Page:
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Bacterial Biofilm Formation Using PCL/Curcumin Electrospun Fibers and Its Potential Use for Biotechnological Applications

Daniella Alejandra Pompa-Monroy
Paulina Guadalupe Figueroa-Marchant
Syed G. Dastager
Meghana Namdeo Thorat
Ana Leticia Iglesias
Valentín Miranda-Soto
Graciela Lizeth Pérez-González
1,2 and
Luis Jesús Villarreal-Gómez
Facultad de Ciencias de la Ingeniería y Tecnología, Universidad Autónoma de Baja California, Blvd Universitario 1000, Unidad Valle de Las Palmas, Tijuana 22260, Baja California, Mexico
Facultad de Ciencias Químicas e Ingeniería, Universidad Autónoma de Baja California, Universidad #14418, Parque Internacional Industrial Tijuana, Tijuana 22390, Baja California, Mexico
Academy of Scientific and Innovative Research (AcSIR), AcSIR Headquarters CSIR-HRDC Campus, Postal Staff College Area, Sector 19, Kamla Nehru Nagar, Ghaziabad 201002, India
NCIM Resource Center, CSIR-National Chemical Laboratory, Pune 411008, India
Tecnológico Nacional de México/Instituto Tecnológico de Tijuana/Centro de Graduados e Investigación en Química, Calzada Del Tecnológico S/N, Fraccionamiento Tomas Aquino, Tijuana 22414, Baja California, Mexico
Author to whom correspondence should be addressed.
Materials 2020, 13(23), 5556;
Submission received: 24 September 2020 / Revised: 20 October 2020 / Accepted: 27 October 2020 / Published: 6 December 2020
(This article belongs to the Section Thin Films and Interfaces)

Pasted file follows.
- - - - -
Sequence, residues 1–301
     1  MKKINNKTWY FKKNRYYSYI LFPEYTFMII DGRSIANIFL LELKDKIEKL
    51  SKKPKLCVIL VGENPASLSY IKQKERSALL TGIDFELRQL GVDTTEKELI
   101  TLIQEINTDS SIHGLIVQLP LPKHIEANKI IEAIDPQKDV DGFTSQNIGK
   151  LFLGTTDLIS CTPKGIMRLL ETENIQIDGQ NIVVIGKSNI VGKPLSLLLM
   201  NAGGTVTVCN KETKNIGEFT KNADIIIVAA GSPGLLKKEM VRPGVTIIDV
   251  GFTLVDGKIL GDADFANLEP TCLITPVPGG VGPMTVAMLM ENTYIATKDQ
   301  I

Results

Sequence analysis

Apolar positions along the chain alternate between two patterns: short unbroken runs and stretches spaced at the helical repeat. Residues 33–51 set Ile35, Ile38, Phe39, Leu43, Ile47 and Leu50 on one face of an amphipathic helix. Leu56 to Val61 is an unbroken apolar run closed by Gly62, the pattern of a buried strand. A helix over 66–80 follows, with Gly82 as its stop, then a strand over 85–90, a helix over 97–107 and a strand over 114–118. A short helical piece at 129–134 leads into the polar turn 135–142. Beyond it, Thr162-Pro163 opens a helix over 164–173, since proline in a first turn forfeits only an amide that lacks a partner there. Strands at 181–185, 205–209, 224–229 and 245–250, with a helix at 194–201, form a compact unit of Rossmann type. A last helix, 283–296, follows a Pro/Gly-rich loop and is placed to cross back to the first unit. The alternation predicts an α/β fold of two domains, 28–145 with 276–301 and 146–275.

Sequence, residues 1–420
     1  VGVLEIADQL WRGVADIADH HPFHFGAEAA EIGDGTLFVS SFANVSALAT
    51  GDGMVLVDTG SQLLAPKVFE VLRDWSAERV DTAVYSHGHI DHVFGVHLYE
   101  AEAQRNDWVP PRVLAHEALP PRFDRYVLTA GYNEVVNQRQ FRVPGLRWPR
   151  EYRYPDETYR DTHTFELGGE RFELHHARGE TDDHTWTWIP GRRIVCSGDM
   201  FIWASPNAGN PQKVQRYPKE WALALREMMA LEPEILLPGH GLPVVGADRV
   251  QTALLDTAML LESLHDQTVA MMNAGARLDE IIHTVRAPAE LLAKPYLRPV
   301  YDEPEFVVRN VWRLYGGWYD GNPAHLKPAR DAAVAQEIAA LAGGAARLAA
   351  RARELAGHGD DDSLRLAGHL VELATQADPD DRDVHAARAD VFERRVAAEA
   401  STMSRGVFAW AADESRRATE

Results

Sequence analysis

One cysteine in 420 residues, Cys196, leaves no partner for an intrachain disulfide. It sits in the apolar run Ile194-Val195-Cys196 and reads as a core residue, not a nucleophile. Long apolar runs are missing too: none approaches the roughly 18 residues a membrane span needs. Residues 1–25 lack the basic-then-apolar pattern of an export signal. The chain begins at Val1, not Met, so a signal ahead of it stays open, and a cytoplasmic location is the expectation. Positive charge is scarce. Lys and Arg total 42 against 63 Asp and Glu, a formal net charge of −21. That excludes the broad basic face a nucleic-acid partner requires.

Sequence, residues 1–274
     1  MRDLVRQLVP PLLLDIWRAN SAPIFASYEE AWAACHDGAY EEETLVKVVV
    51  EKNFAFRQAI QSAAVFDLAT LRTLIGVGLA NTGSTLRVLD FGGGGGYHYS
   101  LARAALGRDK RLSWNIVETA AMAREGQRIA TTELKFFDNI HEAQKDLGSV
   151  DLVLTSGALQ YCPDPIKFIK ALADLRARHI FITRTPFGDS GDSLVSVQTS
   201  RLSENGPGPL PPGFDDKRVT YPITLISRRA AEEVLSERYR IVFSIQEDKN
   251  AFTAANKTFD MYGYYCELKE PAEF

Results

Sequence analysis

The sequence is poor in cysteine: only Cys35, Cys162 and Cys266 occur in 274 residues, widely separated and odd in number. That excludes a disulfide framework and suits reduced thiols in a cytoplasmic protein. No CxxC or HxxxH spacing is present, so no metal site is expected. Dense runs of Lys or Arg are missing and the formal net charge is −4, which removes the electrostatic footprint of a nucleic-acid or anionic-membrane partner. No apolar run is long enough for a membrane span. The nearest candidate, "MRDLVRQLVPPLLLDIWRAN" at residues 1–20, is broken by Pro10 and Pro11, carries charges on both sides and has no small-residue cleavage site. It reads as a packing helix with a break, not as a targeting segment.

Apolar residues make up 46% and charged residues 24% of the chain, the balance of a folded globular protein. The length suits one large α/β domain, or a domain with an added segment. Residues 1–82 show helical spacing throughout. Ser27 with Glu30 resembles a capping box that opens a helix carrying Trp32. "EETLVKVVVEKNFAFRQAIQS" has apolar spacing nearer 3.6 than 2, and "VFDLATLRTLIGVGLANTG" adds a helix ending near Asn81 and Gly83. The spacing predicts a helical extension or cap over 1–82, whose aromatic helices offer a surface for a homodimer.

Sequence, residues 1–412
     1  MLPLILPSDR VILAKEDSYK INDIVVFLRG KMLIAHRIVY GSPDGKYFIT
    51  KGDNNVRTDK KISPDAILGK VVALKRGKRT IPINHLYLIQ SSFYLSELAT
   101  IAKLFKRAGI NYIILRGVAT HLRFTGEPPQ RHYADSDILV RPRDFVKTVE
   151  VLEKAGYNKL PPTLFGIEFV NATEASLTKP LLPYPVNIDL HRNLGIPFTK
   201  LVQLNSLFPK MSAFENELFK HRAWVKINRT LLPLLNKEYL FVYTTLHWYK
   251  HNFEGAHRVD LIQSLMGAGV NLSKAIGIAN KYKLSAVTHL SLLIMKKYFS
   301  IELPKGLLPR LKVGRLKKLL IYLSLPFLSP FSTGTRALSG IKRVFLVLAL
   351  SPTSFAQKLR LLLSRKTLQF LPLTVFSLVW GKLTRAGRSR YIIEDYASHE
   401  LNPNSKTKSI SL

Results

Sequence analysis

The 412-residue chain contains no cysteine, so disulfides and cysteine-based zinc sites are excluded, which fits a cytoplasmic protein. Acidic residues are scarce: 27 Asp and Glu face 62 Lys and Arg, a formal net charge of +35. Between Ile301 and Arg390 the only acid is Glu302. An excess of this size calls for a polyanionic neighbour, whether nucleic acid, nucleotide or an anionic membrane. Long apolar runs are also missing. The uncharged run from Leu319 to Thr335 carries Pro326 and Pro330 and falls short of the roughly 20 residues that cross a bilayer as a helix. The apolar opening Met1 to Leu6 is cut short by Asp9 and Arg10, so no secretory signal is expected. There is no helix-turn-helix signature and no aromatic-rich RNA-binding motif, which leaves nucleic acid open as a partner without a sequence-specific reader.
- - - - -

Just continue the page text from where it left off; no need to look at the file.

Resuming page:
Electrospun nanofibers are used for many applications due to their large surface area, mechanical properties, and bioactivity. Bacterial biofilms are the cause of numerous problems in biomedical devices and in the food industry. On the other hand, these bacterial biofilms can produce interesting metabolites. Hence, the objective of this study is to evaluate the efficiency of poly (Ɛ- caprolactone)/Curcumin (PCL/CUR) nanofibers to promote bacterial biofilm formation. These scaffolds were characterized by scanning electron microscopy (SEM), which showed homogeneous fibers with diameters between 441–557 nm; thermogravimetric analysis and differential scanning calorimetry (TGA and DSC) demonstrated high temperature resilience with degradation temperatures over >350 °C; FTIR and 1H-NMR serve as evidence of CUR incorporation in the PCL fibers. PCL/CUR scaffolds successfully promoted the formation of Escherichia coli, Staphylococcus aureus and Pseudomonas aeruginosa biofilms. These results will be valuable in the study of controlled harvesting of pathogenic biofilms as well as in metabolites production for biotechnological purposes.

Graphical Abstract

1. Introduction